All My Sons: Review

The War... was just a matter of nickels and dimes.

all my sons

Photo: Cardinal Stage Company, Eleanor Berman

Maureen Gallagher as Kate Keller warns Tim Pyles as her son Chris about the dangers of truth.

Event Information

All My Sons

Cardinal Stage Company’s production of Miller's first successful play continues through Sept. 18. Evocative set by C. David Higgins, costumes by Angela Malone.

Ivy Tech John Waldron Arts Center

323 3020

The Cardinal Stage Company opens their sixth season with Arthur Miller’s award winning post-WWII play All My Sons. The play has the feel of a Greek drama, complete with a buried secret, its gradual revelation, and a tragic ending that results in reconciliation and order. The production is part of Indiana University’s Themester 2011: Making War: Making Peace.


All My Sons is a potent production, directed by the company’s founder Randy White. It pits a cynical father against an optimistic, if disappointed, son. The father, Joe Keller, is masterfully played by Ken Farrell as an avuncular charmer with an edge. Joe was a war profiteer. Military contracts built his business from a small shop to a large postwar enterprise. In a cynical moment, Joe says the war was simply a matter of nickels and dimes.

…And Sons

Joe’s son Chris was a decorated officer in the war. He’s portrayed with equal fullness by Tim Pyles. Chris is back at home, working dutifully in the business that his father built. During the war, Chris saw men rise to heights of heroism and brotherhood. He’s disappointed that none of this seems to have carried over into peacetime.

A Grieving Mother

At the center of the family is the family’s matriarch, Kate Keller (played by Maureen Gallagher). While both Joe and Chris have moved on, Kate is still stuck in the war. Her older son Larry has been missing in action for more than three years, and she’s still waiting for him to come home. Kate is the tortured possessor of the play’s buried secret. While Joe and Chris have accepted Larry’s death, she holds on to the belief that he will return with crazed determination.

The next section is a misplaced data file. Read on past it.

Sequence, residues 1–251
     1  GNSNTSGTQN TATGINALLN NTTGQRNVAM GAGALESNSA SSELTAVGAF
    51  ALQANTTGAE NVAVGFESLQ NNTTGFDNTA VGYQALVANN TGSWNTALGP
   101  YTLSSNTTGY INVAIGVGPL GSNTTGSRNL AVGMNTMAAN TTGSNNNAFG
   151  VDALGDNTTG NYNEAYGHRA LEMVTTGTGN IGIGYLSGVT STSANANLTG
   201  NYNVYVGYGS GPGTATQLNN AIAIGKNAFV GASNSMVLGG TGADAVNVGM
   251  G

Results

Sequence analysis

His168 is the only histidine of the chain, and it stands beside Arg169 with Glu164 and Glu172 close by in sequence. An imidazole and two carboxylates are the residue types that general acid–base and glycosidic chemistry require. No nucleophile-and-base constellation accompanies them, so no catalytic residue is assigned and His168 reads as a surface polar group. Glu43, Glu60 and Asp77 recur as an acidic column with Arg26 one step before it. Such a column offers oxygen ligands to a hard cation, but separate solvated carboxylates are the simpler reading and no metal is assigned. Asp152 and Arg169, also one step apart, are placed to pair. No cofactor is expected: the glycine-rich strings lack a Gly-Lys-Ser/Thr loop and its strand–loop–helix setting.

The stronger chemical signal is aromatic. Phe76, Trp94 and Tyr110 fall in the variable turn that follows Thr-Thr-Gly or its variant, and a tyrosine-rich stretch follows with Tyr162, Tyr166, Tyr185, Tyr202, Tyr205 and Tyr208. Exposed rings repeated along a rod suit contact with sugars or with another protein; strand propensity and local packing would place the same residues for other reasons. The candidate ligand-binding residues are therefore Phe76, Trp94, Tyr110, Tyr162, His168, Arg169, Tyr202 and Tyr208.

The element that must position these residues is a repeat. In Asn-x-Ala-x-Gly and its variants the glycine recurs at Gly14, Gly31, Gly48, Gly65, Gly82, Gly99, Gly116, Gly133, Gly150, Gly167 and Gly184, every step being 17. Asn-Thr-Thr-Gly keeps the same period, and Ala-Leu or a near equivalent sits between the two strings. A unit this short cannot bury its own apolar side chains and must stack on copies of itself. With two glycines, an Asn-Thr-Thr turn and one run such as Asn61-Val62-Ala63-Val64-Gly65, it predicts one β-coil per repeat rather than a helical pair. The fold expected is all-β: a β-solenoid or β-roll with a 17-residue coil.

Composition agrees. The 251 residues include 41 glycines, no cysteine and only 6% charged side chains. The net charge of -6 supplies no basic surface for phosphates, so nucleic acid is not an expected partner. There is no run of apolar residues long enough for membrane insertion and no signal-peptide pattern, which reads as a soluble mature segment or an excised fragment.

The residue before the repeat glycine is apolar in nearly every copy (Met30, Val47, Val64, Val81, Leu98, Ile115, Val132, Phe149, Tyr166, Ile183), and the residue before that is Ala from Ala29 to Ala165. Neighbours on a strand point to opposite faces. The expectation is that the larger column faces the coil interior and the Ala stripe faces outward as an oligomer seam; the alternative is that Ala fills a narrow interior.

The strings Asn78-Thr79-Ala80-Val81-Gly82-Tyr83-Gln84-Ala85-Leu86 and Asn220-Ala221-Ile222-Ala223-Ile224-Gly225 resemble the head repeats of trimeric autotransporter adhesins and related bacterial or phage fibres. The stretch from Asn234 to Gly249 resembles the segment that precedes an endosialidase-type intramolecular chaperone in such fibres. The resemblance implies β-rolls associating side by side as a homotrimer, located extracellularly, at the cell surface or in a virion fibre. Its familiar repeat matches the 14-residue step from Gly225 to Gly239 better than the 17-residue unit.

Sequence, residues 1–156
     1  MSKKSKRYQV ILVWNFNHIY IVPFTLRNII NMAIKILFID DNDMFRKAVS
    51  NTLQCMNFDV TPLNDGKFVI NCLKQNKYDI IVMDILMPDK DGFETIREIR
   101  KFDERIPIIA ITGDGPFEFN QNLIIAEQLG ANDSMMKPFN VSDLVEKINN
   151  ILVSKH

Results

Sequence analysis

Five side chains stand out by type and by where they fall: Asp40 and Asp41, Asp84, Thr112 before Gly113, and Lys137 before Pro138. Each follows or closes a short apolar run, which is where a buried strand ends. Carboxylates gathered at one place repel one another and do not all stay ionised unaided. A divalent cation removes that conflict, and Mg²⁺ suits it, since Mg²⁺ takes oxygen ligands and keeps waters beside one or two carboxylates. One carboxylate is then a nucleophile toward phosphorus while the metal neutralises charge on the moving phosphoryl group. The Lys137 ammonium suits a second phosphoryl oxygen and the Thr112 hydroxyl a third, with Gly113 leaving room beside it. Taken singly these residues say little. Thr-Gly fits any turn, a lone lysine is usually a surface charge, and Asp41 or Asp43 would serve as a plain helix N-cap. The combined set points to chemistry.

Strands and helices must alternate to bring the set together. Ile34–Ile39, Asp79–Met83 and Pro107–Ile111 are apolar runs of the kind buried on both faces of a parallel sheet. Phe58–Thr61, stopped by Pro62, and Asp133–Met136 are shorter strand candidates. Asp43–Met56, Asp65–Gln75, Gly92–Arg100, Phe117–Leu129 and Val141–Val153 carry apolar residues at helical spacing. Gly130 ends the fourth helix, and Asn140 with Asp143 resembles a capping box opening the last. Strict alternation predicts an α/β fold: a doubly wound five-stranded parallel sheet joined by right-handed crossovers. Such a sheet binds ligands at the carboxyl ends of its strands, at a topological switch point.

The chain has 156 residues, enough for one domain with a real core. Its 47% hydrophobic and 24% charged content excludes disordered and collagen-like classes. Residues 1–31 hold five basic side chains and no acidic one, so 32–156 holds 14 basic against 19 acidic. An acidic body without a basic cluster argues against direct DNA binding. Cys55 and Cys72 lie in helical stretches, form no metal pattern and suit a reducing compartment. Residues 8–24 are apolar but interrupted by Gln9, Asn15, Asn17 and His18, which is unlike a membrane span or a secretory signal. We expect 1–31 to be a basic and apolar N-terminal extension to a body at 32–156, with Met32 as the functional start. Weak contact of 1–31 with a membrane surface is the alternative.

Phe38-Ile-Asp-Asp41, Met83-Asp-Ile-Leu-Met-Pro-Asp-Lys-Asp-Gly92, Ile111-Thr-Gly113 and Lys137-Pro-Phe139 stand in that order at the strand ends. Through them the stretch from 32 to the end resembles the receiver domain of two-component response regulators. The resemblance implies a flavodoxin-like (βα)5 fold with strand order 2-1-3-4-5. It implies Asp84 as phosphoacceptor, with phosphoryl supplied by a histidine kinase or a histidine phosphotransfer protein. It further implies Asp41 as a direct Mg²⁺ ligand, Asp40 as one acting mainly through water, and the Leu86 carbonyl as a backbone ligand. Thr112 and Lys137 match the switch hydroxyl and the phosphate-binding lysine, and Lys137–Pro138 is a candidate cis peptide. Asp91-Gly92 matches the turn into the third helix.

Strong Scenes, Telling Moments

In a production with many strong scenes and telling moments, my favorite was between Kate and a former neighbor boy, George, played with a fascinating, slightly manic distraction by Mike McNamara. George has returned fully determined to blow open the secret. Kate, who’s been deeply depressed and manic, rises to the occasion. She embraces, calms, charms and reduces the vengeful George to the dutiful little boy who used to love to come over for her grape drink. It’s quite a scene, in quite an amazing piece of theatre.

At the theatre for you, I’m George Walker.

George Walker

George Walker was born in Winchester, Virginia, and raised in Owl’s Head, Maine, and Valhalla, New York. After graduating from the University of Michigan, he came to Bloomington in 1966 and completed an M.A.T. degree in English at Indiana University. George began announcing for WFIU in 1967. Currently, along with regularly hosting classical music shows, he interviews artists in a wide variety of areas and reviews plays and operas. He’s the proud father of grown sons Ben Walker (and his wife Elise Katzif Walker) and Aaron Walker. In his time away from WFIU, George enjoys an active life with wife Carolyn Lipson-Walker, singing, reading, exercising and playing guitar.

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